Film, Mobility and Urban Space: A Cinematic Geography of Liverpool

Film, Mobility and Urban Space: A Cinematic Geography of Liverpool

Film, Mobility and Urban Space: A Cinematic Geography of Liverpool

Film, Mobility and Urban Space: A Cinematic Geography of Liverpool

Excerpt

In 2004 parts of Liverpool’s historic docks and waterfront were awarded UNESCO World Heritage status. The year before the city had beaten of rival bids to secure the coveted prize of European Capital of Culture 2008. While the former looked to the past, an acknowledgement of the port-city’s rich maritime history as one-time ‘second city of Empire’, the latter was pitched resolutely towards the future. Culture, with a capital C, became the by-word for a new sense of optimism and hope: qualities which, by dint of necessity, have rarely been in short supply in post-war Liverpool.

The city’s fall from grace as a result of years of decline had, by the 1980s, seen it sink into economic torpor and social unrest as unemployment rates escalated and the population slumped. Not surprisingly, the legacy of Liverpool’s recent troubled past has brought with it a desire to dispel the basket-case tag that has long dogged the city and to reclaim a more positive image to project to (and attract) the outside world. The Capital of Culture award provided what many felt was a much-needed catalyst for ongoing processes of urban regeneration in Liverpool. Symbolically as well as materially, the city has as a result undergone dramatic transformations. Dwarfed by the shiny new edifces of glass and steel that now dominate the waterfront landscape, the city’s totemic sites of dockside dereliction – Heritage with a capital H – represent monuments to an industrial past that is increasingly irreconcilable with the hyper-modern landscapes that have arisen in their wake. As the historic city retreats from view, a virtual city has taken its place. A city of images, spectacles and intangible spaces.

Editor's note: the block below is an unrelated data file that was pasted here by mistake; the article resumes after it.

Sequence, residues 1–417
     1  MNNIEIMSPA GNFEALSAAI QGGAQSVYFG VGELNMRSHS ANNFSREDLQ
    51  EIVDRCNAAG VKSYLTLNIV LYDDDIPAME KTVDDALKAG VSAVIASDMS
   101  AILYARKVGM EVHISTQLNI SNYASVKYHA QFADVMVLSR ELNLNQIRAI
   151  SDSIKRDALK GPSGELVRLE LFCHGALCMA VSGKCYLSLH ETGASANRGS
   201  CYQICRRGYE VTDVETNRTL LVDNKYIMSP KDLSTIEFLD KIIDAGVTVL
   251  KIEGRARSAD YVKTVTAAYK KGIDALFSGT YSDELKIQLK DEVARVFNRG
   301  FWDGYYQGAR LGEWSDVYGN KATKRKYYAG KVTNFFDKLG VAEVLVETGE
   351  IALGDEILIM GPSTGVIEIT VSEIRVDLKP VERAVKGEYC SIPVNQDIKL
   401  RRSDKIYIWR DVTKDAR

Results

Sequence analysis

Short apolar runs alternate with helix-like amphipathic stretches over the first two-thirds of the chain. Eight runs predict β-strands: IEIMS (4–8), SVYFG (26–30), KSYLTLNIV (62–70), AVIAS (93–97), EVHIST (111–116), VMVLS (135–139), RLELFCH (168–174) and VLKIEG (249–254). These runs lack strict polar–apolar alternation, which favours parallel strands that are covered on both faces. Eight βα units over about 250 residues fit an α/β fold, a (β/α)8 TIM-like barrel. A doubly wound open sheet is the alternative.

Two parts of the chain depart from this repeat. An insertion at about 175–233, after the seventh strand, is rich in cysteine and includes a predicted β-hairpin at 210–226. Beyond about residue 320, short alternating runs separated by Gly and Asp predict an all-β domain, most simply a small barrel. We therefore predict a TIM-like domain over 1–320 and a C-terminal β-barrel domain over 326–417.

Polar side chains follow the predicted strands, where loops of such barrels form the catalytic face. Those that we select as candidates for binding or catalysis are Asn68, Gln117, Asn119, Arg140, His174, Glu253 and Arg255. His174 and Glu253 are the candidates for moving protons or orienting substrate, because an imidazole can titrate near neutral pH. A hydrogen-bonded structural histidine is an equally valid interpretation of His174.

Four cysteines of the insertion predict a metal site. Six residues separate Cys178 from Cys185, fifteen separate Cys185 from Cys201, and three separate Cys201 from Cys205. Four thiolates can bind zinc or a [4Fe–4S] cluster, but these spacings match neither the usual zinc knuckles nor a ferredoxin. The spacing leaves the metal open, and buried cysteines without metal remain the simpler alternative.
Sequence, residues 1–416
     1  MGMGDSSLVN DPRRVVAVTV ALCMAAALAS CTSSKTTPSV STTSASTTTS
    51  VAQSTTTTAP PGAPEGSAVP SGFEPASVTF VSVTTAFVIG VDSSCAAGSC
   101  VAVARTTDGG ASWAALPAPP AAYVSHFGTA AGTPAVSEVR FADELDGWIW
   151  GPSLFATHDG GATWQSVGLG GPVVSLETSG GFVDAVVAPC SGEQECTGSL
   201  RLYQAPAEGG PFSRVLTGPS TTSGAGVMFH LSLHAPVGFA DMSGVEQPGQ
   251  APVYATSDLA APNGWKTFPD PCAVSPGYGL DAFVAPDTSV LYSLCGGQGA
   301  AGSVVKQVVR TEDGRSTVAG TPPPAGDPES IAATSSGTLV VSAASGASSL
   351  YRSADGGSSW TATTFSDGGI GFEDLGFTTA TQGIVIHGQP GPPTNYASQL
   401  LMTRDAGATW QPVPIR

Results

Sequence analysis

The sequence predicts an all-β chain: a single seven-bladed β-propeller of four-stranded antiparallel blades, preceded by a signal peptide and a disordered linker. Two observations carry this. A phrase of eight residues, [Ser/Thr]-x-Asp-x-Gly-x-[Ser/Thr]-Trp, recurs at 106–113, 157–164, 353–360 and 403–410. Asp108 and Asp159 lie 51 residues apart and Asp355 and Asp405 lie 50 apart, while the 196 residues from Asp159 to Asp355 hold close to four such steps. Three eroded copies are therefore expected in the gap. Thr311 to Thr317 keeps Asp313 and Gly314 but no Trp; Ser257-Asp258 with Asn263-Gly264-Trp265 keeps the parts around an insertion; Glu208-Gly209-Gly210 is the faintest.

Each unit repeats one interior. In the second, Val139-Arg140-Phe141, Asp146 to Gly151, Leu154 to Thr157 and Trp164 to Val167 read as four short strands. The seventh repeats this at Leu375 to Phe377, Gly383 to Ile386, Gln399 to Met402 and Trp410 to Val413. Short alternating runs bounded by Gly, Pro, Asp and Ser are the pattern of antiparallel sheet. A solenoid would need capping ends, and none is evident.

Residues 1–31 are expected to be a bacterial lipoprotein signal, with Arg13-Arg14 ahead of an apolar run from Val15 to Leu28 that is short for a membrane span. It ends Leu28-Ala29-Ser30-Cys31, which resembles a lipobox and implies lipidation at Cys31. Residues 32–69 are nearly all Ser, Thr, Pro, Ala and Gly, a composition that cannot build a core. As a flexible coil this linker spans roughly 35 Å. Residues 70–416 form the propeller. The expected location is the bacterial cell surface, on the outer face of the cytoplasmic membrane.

The paradox of Liverpool, as with many post-industrial cities, is that the more the city disappears the more it insists on marking its presence. The importance of the culture, heritage and tourism industries to the political economy of Liverpool marks a fundamental shift from production to consumption as the predominant engine of economic activity in the . . .

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